This article concerns the period 69 BC – 60 BC.

Millennium: 1st millennium BC
Centuries:
Decades:
Years:
Categories:

EventsEdit

69 BC

By placeEdit

Roman RepublicEdit
EgyptEdit
GreeceEdit
  • Kydonia, an ancient city on the island of Crete falls to Roman military forces.[2]
  • Rhodes becomes a bulwark against pirates, the Rhodians are unable to suppress piracy in the Aegean Sea. Delos gets the status of a free port.

68 BCEdit

By placeEdit

Roman RepublicEdit
OsroeneEdit

67 BCEdit

By placeEdit

Roman RepublicEdit
JudeaEdit
PontusEdit
  • Mithridates VI invades Pontus and defeats a Roman army at the Battle of Zela.
  • After his victory at Zela Mithridates started consolidating his power in Pontus; restoring his rule over his old kingdom.
  • Lucullus returned to Pontus, but his troops refused to campaign for him any longer and he withdrew to Galatia.
ChinaEdit

66 BCEdit

65 BCEdit

By placeEdit

Roman RepublicEdit
  • In response to the illegal exercise of citizen rights by foreigners, the Roman Senate passes the Lex Papia, which expels all foreigners from Rome [3]
  • Tigranes of Armenia is defeated and captured by Pompey, thus ending all hostilities on the northeastern frontier of Rome.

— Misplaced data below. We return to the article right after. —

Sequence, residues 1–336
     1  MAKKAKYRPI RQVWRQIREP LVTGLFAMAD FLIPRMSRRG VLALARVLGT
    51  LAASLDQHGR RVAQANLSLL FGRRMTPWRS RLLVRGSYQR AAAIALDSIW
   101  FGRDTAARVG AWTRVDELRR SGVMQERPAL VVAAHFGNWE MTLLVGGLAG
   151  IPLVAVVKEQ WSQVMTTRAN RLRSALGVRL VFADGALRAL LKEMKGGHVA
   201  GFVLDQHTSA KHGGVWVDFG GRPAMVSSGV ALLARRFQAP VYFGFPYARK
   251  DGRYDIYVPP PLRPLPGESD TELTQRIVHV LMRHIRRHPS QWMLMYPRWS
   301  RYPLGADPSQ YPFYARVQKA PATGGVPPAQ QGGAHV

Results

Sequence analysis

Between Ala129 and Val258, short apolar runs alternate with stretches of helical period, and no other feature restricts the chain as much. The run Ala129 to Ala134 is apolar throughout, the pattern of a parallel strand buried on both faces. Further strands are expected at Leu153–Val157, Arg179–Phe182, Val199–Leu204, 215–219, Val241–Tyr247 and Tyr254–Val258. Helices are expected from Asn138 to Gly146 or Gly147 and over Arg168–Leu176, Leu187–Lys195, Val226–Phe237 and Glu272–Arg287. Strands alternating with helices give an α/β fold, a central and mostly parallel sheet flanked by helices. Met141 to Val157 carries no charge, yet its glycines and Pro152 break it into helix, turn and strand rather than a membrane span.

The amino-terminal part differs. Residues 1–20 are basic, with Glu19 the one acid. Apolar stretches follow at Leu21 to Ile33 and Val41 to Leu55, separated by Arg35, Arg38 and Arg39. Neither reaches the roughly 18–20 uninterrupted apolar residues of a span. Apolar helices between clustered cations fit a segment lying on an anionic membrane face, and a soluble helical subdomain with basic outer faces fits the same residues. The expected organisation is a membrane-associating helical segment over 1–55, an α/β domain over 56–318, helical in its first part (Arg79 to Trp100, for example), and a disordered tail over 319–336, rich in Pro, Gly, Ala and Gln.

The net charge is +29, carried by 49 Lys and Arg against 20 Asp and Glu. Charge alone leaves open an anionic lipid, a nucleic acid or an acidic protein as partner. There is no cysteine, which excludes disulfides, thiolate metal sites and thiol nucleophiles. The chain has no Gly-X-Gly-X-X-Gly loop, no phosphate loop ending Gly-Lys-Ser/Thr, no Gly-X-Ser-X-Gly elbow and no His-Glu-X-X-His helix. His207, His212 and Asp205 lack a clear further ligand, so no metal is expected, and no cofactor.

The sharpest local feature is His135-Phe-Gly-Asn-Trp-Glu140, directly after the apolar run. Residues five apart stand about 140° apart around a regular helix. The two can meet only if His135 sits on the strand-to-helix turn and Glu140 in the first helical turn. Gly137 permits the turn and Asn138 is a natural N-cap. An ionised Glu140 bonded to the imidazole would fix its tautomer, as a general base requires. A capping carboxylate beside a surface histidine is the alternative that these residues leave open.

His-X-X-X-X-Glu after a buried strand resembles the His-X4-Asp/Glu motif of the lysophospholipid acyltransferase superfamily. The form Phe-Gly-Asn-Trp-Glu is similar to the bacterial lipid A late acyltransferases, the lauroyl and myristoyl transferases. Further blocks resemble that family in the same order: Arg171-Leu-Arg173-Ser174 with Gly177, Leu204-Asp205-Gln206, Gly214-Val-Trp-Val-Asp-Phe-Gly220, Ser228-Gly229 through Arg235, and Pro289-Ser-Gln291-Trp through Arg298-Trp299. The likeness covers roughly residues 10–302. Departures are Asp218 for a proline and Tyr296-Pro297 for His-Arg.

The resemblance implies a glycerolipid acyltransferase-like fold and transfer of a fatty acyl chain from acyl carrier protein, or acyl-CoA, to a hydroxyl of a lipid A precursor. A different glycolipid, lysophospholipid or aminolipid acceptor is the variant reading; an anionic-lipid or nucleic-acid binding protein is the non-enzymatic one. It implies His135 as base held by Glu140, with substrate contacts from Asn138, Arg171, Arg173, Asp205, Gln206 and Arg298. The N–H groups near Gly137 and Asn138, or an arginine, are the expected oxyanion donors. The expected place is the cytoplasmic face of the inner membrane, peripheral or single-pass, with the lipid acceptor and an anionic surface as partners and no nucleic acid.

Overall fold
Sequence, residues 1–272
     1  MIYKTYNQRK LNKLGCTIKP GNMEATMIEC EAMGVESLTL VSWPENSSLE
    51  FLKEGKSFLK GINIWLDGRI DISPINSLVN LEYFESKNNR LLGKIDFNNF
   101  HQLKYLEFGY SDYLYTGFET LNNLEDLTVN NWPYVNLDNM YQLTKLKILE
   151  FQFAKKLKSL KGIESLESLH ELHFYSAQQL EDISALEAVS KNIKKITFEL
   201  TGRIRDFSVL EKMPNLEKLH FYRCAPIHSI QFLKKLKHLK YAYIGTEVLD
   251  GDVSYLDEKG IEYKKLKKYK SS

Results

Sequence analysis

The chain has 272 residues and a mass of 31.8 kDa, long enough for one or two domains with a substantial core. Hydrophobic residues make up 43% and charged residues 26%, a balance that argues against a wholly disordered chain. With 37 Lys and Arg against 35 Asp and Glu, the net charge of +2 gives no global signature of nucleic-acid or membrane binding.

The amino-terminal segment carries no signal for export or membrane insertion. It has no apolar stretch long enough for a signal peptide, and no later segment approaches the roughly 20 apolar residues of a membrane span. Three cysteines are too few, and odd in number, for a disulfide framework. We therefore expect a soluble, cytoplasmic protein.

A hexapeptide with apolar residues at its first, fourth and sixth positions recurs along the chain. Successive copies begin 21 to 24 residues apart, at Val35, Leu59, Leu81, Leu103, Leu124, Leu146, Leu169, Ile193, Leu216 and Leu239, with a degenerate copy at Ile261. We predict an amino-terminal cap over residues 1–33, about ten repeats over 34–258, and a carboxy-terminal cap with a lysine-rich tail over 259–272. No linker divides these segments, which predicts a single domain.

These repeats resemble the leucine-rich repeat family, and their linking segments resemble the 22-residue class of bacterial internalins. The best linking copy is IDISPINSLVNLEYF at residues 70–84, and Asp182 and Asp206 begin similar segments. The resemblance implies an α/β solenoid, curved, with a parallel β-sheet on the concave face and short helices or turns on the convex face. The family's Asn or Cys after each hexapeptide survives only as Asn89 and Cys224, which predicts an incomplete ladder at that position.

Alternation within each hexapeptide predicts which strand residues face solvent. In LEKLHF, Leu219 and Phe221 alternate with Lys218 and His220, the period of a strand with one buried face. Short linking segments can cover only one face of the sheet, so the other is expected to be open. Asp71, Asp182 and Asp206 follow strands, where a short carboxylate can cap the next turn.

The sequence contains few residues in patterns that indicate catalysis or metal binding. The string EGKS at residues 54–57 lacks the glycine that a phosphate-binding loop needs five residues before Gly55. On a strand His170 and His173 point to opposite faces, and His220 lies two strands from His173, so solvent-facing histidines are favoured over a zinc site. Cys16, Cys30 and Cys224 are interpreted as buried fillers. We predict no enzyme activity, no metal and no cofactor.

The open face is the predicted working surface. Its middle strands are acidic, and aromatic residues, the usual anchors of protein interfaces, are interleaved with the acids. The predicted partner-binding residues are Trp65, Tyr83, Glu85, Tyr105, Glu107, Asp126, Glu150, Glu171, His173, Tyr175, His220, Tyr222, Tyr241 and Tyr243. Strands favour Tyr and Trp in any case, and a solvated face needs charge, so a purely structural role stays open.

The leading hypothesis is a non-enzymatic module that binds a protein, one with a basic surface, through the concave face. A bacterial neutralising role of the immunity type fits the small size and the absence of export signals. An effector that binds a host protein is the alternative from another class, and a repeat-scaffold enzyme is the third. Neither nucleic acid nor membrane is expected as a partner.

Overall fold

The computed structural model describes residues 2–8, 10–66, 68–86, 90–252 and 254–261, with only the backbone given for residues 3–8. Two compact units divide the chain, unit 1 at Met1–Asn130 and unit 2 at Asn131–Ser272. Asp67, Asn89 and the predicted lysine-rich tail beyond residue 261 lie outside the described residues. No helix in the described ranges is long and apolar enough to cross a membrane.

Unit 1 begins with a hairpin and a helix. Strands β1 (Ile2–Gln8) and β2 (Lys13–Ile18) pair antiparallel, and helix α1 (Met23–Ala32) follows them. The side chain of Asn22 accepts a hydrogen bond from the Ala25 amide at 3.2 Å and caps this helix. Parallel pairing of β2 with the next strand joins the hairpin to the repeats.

64 BCEdit

By placeEdit

Roman RepublicEdit
SyriaEdit

63 BCEdit

By placeEdit

Roman RepublicEdit
PontusEdit

62 BCEdit

By placeEdit

Roman RepublicEdit
CommageneEdit

61 BCEdit

By placeEdit

Roman RepublicEdit

60 BCEdit

By placeEdit

Roman RepublicEdit
SyriaEdit
  • The Seleucid Empire comes to an end with the last two emperors being murdered on orders from Rome.
ChinaEdit

Significant peopleEdit

BirthsEdit

69 BC

68 BC

67 BC

65 BC

64 BC

63 BC

62 BC

61 BC

60 BC

DeathsEdit

69 BC

68 BC

67 BC

66 BC

65 BC

64 BC

63 BC

62 BC

61 BC

60 BC


ReferencesEdit

  1. ^ Joseph Thomas, Universal Pronouncing Dictionary of Biography and Mythology, 1908, Lippincott, 2550 pages
  2. ^ C. Michael Hogan, Cydonia, Modern Antiquarian, January 23, 2008
  3. ^ Husband, R. (1916). On the Expulsion of Foreigners from Rome. Classical Philology, 11(3), 315-333. Retrieved March 11, 2021, from http://www.jstor.org/stable/261855
  4. ^ Appian, Syriaca VIII 49, XI 70, Justin, Historiarum Philippicarum T. Pompeii Trogi XL 2.2, Diodorus Siculus, Bibliotheca Historica XL 1a-b.
  5. ^ Jerome (Chronicon 2020) says he died in AD 4 in the seventieth year of his life, which would place the year of his birth at 65 BC.
  6. ^ Roberts, John. The Oxford dictionary of the classical world. Oxford University Press. p. 799. ISBN 9780192801463.
  7. ^ "BBC - History - Augustus". www.bbc.co.uk. Retrieved 5 April 2021.